I think the exit row near the wings are not good because the wings carry fuel and they are close to the engines.

For example:

enter image description here

As it is clear, in the above situation the exit row near the wings are not usable. or this one:

enter image description here

  • you may want to see here and here.
    – greyshade
    Commented Aug 31, 2014 at 17:14
  • The conclusion was that near the exit is a better place. Now I want to know if the place of exit itself is important or not.
    – MOON
    Commented Aug 31, 2014 at 17:29
  • Most fires will start from within the cabin or cargo, so which emergency exit is safer is totally irrelevant. By the time fire reaches fuel tanks you would be long barBQed. Commented Aug 31, 2014 at 17:48
  • Roughly 3 billion passengers will fly on commercial airlines this year. On average, less than 1000 will die in accidents. It probably makes more sense to select your seat based on whether they will run out of your preferred meal by the time they get to your row than survivability.
    – Doc
    Commented Sep 1, 2014 at 6:03
  • Clearly, wing exits are preferable in cases when the plane "lands" on Hudson river.
    – mouviciel
    Commented Sep 1, 2014 at 8:07

2 Answers 2


Aircraft accidents are rare enough that the statistics aren't really meaningful but people have studied it.

Assuming on the ground incidents, which are most likely to be survivable - as opposed to flying into mountains.

1, Front of the plane is most likely to hit something, a runway obstruction/another plane - but the pilots are there and so try and steer away from things heading toward them.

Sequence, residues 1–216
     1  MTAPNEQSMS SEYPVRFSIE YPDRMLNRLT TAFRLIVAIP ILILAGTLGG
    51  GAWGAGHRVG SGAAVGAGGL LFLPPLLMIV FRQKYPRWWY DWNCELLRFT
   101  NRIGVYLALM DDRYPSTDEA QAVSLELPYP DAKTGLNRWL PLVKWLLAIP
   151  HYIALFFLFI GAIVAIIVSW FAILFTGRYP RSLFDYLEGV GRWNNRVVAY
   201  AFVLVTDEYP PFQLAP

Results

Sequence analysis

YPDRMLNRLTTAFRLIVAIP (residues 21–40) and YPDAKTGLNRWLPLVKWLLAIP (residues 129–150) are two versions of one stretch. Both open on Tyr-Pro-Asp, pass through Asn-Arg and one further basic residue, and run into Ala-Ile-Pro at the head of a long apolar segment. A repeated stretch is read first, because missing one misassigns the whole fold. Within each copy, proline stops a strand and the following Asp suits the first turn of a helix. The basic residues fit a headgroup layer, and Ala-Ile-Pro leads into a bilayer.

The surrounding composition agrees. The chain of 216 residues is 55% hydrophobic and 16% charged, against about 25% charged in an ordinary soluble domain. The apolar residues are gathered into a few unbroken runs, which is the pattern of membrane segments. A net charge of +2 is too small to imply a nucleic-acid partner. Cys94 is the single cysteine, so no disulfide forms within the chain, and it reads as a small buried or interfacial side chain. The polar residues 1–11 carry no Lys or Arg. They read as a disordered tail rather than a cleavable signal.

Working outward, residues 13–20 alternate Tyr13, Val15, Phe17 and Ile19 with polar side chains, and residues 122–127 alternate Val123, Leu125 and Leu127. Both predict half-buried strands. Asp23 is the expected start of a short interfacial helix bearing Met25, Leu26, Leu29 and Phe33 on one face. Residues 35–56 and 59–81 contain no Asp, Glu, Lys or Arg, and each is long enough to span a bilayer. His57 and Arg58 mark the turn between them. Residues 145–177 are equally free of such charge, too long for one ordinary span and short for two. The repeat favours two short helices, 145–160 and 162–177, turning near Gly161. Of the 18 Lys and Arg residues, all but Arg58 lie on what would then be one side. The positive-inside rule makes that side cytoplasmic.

2, The wing box is the strongest part of the structure, and because the wings are in the way it is difficult to hit the mid-section with another aircraft. But as you say, there are often empty fuel tanks and hot air conditioners directly under your seat.

3, The rear of the plane occasionally suffer minor tail strike accidents on take off. But as the old saying goes - no plane ever reversed into a mountain. Passengers also tend to rush forward toward an exit - leaving the tail exists clear.

Myself and a group of engineers were once told-off by a flight attendant for discussing this while waiting for take off. This was pre-9/11 and in Europe so we weren't immediately dragged off the plane at gun point.


Choosing where to sit based on which location is safer requires that you also know, in advance, what kind of accident you are going to have (if you can do this, take the next (not this) flight to Vegas).

Yes, if you fly into a mountain the front rows hit first but it's not like the back rows are going to walk away. Cabin fires can start anywhere. If the tail smacks into a seawall when the crew comes in too low it's going to be rough on those who choose the back rows. If you ditch in a river, planes tend to sink tail-first and they don't evacuate ditchings through the back doors so you will be last off. If the plane sideslips and rolls, the ends often detach leaving the middle section (with most of the fuel and toasty-warm engines to light it up) alone.

So in short, sit where you like and stop obsessing over low-probability events.

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